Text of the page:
Wednesday, March 2, 2011

Inviting the Sisters Out to a Meal

One of the women journalists writing for the Catholic Times gives us a glimpse of Catholic life in Korea. She mentioned that as is the custom in Korea, she made the rounds visiting relatives and friends giving the saebae, (low bow),  wishing those so greeted with the best for the New Year.

In the parish to which she belonged lived  sisters who attended daily Mass. She, also being a daily Mass goer came in contact with them often. For some time, she wanted to do something more than pay her respects but also to  invite them  out to a meal.   She had wanted to do this for some time. That Sunday after Mass, they were seated close to  her,  she quickly wrote a note giving  her telephone number and asking them to call her at their convenience.

As soon as she reached home the call came from the sisters. She asked them if they would be free sometime during the week to accept her invitation to a meal. The sister said she would bring the invitation up with the superior and let her know.  That afternoon the call came from the sisters, since they would be busy during the week,  that  evening would be fine.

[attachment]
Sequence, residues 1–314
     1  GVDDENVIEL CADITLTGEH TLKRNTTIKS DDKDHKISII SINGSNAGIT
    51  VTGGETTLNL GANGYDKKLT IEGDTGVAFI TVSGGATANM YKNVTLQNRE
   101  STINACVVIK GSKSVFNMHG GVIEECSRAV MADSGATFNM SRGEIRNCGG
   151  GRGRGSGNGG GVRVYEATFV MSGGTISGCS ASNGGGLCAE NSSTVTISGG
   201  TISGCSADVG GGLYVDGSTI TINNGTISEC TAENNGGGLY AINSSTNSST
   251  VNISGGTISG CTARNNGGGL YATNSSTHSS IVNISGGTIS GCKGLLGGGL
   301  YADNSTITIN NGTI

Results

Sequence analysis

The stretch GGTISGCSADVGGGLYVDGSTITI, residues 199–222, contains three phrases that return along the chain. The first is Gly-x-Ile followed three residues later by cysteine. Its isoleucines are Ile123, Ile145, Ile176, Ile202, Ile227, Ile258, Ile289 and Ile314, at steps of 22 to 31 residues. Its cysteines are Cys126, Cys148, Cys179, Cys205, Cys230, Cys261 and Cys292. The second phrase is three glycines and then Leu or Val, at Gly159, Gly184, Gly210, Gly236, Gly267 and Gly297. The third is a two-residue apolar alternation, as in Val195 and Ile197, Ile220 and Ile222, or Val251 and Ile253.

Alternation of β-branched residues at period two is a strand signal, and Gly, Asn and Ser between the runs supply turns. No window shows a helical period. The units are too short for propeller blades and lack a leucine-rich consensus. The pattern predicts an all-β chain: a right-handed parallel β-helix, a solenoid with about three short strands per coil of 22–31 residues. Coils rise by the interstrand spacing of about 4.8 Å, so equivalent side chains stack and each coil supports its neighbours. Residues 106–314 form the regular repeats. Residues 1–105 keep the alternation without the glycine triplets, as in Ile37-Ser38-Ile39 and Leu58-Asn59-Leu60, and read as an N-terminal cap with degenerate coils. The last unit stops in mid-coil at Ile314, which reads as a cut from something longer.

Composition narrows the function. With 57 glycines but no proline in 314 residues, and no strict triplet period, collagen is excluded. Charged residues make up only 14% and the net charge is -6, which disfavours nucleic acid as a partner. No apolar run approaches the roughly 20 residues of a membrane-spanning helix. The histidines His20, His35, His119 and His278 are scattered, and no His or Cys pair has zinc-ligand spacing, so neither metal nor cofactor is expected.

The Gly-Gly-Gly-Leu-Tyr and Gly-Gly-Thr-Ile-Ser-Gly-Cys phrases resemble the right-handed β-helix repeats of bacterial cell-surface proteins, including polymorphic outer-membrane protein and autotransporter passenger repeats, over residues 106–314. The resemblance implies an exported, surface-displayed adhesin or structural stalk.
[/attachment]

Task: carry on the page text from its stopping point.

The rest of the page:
She drove her car to the convent with a box of tangerines and was ushered into the house. She had a chance to look around and then when the sisters were ready they went to the restaurant that she had picked. They had a pleasant conversation and a good meal at the end of which a gentleman kept on looking into  the  room, since the  door was slightly ajar. The journalist thought it was  someone whom the sisters knew but the gentleman then opened the door and came in.

"Sister, I was so happy to see the sisters that I came in. My father's sister was a religious sister who loved me greatly;  she died a few years ago. Seeing  sisters was like seeing my aunt again and without notice came in. I have been busy these days, is the excuse, but seeing you has made me very happy and also sorry for not being faithful to my religious practices. Please, I want to take care of the bill for your meal."

The journalist stood up and told him that was impossible,  since they were her guest and the meal was on her.

He grabbed the bill in front of her plate and ask that she understand and acquiesce. The sisters also sided with him, so she gave in but gave him her notebook asking him for his name and address.  He said no, but she  implored and he responded that he has a public office and doesn't randomly  give his address. The journalist said she wants to pray for him and at least would he gave his baptismal name and his aunt's name.

She told the sisters, after he left,  she wanted to do something for the sisters, and it was taken away from her. However, the superior said  they enjoyed the time together and the meal was wonderful,  at the   same time the gentleman did something very nice; what  he did was a great consolation to him--sisters all agreed with her.  Her good deed was taken away from her, but she was left with a good feeling and will be praying for John and Bernadette.

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